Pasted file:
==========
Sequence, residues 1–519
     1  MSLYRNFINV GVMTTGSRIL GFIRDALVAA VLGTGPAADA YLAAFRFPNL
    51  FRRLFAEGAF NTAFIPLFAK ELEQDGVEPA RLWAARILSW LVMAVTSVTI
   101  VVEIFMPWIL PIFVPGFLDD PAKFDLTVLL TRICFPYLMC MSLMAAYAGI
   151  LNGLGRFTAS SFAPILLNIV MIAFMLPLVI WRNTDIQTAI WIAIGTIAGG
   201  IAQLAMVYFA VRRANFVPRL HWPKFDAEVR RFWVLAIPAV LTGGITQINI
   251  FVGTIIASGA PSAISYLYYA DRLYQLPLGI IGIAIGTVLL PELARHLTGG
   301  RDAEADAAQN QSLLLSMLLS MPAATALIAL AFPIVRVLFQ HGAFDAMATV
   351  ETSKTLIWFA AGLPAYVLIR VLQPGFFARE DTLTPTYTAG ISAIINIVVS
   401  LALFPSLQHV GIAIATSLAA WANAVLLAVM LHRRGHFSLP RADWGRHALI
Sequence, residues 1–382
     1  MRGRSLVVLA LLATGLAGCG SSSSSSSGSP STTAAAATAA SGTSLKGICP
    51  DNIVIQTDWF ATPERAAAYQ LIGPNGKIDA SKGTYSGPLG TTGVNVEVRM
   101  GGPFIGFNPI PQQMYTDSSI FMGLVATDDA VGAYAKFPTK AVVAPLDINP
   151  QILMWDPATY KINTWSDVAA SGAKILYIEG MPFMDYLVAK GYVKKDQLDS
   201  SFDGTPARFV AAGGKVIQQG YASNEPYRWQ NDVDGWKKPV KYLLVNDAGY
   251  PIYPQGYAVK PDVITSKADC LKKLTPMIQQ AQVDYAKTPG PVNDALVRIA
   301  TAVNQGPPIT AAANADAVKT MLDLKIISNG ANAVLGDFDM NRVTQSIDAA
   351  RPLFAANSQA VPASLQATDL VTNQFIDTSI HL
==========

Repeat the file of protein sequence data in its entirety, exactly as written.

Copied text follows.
Sequence, residues 1–519
     1  MSLYRNFINV GVMTTGSRIL GFIRDALVAA VLGTGPAADA YLAAFRFPNL
    51  FRRLFAEGAF NTAFIPLFAK ELEQDGVEPA RLWAARILSW LVMAVTSVTI
   101  VVEIFMPWIL PIFVPGFLDD PAKFDLTVLL TRICFPYLMC MSLMAAYAGI
   151  LNGLGRFTAS SFAPILLNIV MIAFMLPLVI WRNTDIQTAI WIAIGTIAGG
   201  IAQLAMVYFA VRRANFVPRL HWPKFDAEVR RFWVLAIPAV LTGGITQINI
   251  FVGTIIASGA PSAISYLYYA DRLYQLPLGI IGIAIGTVLL PELARHLTGG
   301  RDAEADAAQN QSLLLSMLLS MPAATALIAL AFPIVRVLFQ HGAFDAMATV
   351  ETSKTLIWFA AGLPAYVLIR VLQPGFFARE DTLTPTYTAG ISAIINIVVS
   401  LALFPSLQHV GIAIATSLAA WANAVLLAVM LHRRGHFSLP RADWGRHALI
Sequence, residues 1–382
     1  MRGRSLVVLA LLATGLAGCG SSSSSSSGSP STTAAAATAA SGTSLKGICP
    51  DNIVIQTDWF ATPERAAAYQ LIGPNGKIDA SKGTYSGPLG TTGVNVEVRM
   101  GGPFIGFNPI PQQMYTDSSI FMGLVATDDA VGAYAKFPTK AVVAPLDINP
   151  QILMWDPATY KINTWSDVAA SGAKILYIEG MPFMDYLVAK GYVKKDQLDS
   201  SFDGTPARFV AAGGKVIQQG YASNEPYRWQ NDVDGWKKPV KYLLVNDAGY
   251  PIYPQGYAVK PDVITSKADC LKKLTPMIQQ AQVDYAKTPG PVNDALVRIA
   301  TAVNQGPPIT AAANADAVKT MLDLKIISNG ANAVLGDFDM NRVTQSIDAA
   351  RPLFAANSQA VPASLQATDL VTNQFIDTSI HL